Refugee proceedings and extradition
10.20Consideration should be given to introducing a requirement in statute that, where there are concurrent refugee and extradition proceedings in respect of the same person and relating to the country from which the person has left, the decision on extradition should not be able to be made until the refugee status has been finally determined, including any appeals. This is because it is not possible to know what New Zealand’s obligations in respect of the person are until their refugee status is known. The findings on refugee status will inevitably impact upon the extradition decision. However, the introduction of this type of bar would have the disadvantage of delaying the resolution of extradition proceedings.
10.21In Attorney-General v X, the Supreme Court held that it was correct for the Refugee Status Appeals Authority to attempt to resolve the application for refugee status prior to the resolution of any question of extradition. In the interests of clarity, it may be helpful for this direction about the sequencing of the decisions to be spelt out in legislation.
10.22The United Kingdom’s Extradition Act includes provisions stating that a person cannot be extradited until his or her claim for asylum has been determined. However, these provisions apply only in cases where the asylum claim was made after the extradition request was received. This limitation has been the subject of criticism and calls for change. The 2011 Baker Report found it surprising that the Act did not cover cases where asylum is claimed before the extradition proceedings, especially in light of clear case law that an asylum seeker should not be returned to his or her state of origin without appropriate inquiry into the alleged persecution. It recommended that the protection in the Act be extended to apply to asylum claims made by a person before the extradition proceedings have commenced.
10.23The United Nations Office of the High Commissioner for Refugees (UNHCR) has provided guidance to parties to the Refugee Convention about the sequencing of decisions on extradition and refugee status. It recommends that a person’s refugee status needs to be resolved before the extradition decision can be made, advising that a country is obligated to do this on the basis of international refugee and human rights law. The UNHCR considers, however, that it is prudent for countries to conduct extradition and refugee proceedings concurrently because of increased efficiency and because the extradition process may result in the availability of information that has a bearing on the person’s eligibility for refugee status.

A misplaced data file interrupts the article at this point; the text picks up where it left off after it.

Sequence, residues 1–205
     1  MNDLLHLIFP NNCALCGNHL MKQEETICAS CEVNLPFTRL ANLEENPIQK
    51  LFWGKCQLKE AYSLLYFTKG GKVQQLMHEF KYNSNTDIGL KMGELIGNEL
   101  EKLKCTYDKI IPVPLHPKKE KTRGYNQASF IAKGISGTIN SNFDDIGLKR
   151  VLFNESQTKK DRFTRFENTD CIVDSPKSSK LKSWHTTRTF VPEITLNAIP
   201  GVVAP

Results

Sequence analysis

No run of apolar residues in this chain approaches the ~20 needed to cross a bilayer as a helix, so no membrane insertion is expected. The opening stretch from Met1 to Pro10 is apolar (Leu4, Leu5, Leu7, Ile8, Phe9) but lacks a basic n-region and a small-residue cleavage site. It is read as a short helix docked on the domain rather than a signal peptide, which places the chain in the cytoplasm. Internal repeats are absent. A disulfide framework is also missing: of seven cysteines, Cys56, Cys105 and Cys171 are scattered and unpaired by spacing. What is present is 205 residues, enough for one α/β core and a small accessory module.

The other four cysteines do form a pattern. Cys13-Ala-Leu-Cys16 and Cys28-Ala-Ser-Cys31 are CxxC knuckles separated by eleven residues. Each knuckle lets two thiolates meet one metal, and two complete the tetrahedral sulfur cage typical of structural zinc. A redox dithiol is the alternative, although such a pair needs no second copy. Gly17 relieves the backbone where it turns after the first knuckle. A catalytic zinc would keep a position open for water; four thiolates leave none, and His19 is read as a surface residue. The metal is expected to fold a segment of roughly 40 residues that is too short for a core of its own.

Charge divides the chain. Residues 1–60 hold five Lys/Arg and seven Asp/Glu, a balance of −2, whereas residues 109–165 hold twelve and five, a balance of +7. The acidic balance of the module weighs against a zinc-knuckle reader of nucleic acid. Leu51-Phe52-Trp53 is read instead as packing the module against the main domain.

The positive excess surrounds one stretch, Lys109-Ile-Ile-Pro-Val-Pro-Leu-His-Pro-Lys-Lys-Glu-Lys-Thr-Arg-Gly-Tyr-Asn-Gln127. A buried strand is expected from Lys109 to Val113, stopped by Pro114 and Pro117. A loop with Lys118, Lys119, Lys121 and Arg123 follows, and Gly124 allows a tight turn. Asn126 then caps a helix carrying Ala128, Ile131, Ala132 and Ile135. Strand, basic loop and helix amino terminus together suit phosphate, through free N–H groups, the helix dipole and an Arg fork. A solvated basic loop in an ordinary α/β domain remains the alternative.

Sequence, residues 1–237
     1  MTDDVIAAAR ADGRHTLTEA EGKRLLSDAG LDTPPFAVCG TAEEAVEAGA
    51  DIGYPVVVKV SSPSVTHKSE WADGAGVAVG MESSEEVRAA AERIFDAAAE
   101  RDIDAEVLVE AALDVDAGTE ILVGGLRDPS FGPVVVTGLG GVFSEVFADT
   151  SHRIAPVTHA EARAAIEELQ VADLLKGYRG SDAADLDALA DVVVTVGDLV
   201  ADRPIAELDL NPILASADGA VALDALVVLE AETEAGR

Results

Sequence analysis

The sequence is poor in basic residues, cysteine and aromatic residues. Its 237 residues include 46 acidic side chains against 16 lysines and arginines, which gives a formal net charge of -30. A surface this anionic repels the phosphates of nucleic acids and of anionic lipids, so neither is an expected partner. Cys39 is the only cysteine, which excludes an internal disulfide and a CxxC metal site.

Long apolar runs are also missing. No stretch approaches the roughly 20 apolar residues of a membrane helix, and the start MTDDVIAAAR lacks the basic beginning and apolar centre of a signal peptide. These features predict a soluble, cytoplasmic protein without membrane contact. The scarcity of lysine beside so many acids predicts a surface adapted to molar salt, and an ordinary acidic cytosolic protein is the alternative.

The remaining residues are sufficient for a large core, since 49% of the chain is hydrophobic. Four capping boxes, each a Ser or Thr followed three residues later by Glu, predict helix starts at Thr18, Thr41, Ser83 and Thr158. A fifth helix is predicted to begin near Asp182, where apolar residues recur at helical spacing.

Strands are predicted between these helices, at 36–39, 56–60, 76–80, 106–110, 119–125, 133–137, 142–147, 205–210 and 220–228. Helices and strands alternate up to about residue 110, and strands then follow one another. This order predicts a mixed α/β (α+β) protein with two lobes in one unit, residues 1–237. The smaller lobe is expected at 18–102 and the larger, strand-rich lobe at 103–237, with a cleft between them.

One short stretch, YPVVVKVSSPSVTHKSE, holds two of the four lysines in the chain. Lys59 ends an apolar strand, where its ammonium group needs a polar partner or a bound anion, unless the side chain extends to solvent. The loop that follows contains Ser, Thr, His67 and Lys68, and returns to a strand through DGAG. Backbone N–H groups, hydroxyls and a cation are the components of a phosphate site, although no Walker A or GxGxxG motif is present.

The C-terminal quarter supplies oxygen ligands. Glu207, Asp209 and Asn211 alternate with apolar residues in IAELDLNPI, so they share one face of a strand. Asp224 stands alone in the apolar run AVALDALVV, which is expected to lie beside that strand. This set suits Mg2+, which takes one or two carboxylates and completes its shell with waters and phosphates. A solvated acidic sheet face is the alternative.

10.24Consideration should also be given to including an explicit statutory prohibition on the extradition of refugees to their country of origin or to a country that would return them to their country of origin. This would directly reflect New Zealand’s international obligations in relation to refugees.
10.25Such a provision could be similar to section 70(2) of the United Kingdom’s Extradition Act. However, unlike the United Kingdom provision where the Secretary of State “may” refuse to proceed with the extradition request, it may be better to use mandatory wording to better reflect the international obligation of non-refoulement of a refugee.
10.26The UNHCR Guidelines suggest that explicit provisions should be enacted in national legislation to obligate authorities to refuse the extradition of a refugee or asylum seeker where it would be inconsistent with a country’s non-refoulement obligations under international refugee and human rights law. The UNHCR considers that this would constitute an important safeguard, even though the principle is binding under international law regardless of whether there is a legislative provision.
10.27There may be some concerns about linking the two processes, however. A prohibition on extraditing refugees would limit the ambit of the decision maker’s role in extradition proceedings and make it subject to a separate statutory decision-making process. Explicit mention of refugee status in extradition legislation could encourage persons subject to an extradition request to apply for refugee status as a way of delaying resolution of the extradition proceedings.
10.28It should be noted that the international law obligation not to extradite a refugee does not apply where the requesting country is not the country from which the person has sought refuge. The United Kingdom courts have found that the statutory restrictions on determining an extradition claim while an asylum claim is in process do not prevent extradition to a third country. It is up to the court to consider whether a real risk exists that the requesting country might send the person back to the country from which he or she is seeking refuge. Where there is such a risk, the best option is likely to be to allow the asylum claim to be determined before the extradition proceedings.
Q41 How should the relationship between extradition proceedings and refugee proceedings be clarified?